My partner and i have a ‘joint’ Amex credit card and a joint debit card. We use the credit card for specific things(Like joint drinking, eating, holidays, big purchases). I love Monzo and try to put as much of my personal spending on it as possible but basically i’ll never get my partner to give up on us using the joint credit card and switching to the joint monzo that will be provided in the future. So unless Monzo provide a credit card with good points etc we will never fully move onto it. This is because credit card appeals to him for all the reasons mentioned above. There is the legal protection over £100, the air miles and points. There is also the interest free 1 months free cash advance(we pay it off in full every month)
I have an AMEX card which is quite generous in terms of miles, and it has served me well.
I will however be switching to Monzo fully - I value knowing my exact balance at any point in time than constantly having to subtract my credit card outstanding balance from my current account balance, to know my exact net worth. Though it has never happened to me, you could quite easily find yourself in a place where you owe more than you have.
I still earn air miles, and more importantly, tier points when I fly with BA. It is worth noting that Air Miles are severely restricted as to when you can use them (in a certain window, when seats are available). I would far rather be wholly in control of my finance with Monzo, and know where my expenditure is going.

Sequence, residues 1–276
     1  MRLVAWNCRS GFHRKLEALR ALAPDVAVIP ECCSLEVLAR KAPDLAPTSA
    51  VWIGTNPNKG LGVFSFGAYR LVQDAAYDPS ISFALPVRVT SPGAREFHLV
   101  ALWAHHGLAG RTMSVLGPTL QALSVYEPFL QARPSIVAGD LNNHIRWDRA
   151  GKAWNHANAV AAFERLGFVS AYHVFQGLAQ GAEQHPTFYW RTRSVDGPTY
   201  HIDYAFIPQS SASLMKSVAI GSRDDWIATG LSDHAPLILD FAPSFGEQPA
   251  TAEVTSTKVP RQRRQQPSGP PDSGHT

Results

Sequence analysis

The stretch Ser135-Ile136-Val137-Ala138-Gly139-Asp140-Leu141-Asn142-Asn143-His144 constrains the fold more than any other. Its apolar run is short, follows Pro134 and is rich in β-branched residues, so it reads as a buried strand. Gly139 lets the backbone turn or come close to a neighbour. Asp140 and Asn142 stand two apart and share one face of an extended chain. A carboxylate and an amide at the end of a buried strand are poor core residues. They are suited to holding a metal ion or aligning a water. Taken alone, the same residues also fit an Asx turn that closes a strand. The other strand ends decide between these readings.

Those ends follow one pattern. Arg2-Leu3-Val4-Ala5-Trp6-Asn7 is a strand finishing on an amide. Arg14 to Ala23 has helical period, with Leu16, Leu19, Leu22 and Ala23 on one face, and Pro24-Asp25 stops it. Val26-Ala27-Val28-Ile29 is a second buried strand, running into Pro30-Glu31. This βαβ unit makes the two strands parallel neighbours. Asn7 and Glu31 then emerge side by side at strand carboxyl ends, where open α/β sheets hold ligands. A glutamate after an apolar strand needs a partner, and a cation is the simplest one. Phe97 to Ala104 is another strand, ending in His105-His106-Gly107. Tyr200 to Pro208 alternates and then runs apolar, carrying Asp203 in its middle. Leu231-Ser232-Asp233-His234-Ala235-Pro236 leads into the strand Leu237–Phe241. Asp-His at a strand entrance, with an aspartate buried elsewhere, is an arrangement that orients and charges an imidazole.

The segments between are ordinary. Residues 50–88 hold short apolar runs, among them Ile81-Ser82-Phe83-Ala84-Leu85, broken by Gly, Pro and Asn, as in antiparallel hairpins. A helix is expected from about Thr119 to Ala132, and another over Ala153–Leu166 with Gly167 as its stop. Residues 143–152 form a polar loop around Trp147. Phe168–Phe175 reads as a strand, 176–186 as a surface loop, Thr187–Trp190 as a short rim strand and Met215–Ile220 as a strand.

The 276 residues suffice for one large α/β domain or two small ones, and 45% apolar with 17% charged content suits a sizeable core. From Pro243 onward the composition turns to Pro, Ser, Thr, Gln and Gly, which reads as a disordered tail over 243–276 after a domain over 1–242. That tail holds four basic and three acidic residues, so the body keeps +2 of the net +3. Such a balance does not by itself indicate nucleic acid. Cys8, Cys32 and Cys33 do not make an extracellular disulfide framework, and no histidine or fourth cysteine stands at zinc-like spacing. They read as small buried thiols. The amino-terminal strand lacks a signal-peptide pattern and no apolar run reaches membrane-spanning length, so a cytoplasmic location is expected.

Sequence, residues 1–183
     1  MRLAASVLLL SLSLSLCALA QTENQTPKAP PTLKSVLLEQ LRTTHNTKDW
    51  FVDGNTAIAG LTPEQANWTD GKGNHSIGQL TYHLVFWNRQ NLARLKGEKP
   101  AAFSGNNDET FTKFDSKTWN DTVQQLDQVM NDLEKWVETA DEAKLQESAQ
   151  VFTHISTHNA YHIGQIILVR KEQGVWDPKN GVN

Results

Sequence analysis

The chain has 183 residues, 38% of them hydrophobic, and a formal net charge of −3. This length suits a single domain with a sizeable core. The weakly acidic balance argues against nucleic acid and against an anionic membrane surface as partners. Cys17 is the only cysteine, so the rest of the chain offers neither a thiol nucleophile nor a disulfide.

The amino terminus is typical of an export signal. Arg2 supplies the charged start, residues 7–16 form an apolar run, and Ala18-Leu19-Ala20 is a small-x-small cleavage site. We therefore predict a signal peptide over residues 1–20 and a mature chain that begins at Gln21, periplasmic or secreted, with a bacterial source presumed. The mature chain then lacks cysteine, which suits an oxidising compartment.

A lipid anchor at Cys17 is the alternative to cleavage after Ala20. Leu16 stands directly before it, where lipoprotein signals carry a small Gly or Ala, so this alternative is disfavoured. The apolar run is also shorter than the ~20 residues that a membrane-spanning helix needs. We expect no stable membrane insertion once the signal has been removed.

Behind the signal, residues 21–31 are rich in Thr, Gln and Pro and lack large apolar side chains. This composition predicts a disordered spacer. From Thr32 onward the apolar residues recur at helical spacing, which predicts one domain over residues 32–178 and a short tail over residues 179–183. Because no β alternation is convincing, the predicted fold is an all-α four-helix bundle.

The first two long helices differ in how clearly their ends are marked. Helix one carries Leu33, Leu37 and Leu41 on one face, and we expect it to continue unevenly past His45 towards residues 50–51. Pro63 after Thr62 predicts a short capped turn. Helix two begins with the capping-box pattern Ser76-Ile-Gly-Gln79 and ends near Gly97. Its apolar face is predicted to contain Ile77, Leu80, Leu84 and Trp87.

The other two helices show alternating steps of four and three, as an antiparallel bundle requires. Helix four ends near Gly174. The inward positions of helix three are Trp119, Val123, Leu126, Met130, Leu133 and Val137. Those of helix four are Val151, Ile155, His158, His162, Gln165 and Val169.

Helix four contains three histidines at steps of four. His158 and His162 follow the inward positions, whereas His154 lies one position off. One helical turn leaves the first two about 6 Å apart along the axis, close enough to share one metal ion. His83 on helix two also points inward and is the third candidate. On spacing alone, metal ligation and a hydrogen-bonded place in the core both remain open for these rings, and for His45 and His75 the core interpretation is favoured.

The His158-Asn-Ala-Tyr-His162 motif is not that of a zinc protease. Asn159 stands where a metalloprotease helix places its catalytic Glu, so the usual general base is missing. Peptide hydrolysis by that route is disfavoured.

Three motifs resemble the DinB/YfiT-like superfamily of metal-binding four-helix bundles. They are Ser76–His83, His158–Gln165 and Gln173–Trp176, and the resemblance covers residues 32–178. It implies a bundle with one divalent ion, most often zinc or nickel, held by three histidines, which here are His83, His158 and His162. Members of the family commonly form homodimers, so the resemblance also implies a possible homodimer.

You will soon realise that credit cards are just a trap to get you to overspend with the lure of gimmicky points. One day you could be tempted to not clear the balance in full and the nightmare will forever begin. Being overdrawn hurts far more than credit card debt.
I’m personally quite sceptical about credit cards. I agree with more or less all of the comments above - they are great for certain people. I myself use an Amex card for bigger purchases for the CCA protection and if someone is going to give you free cashback… why not take it? Having said that, I use my Monzo card for all my day-to-day expenditure as I value monitoring my expenditure far more than the 1.25% cashback I get - I am sure I save more as a result.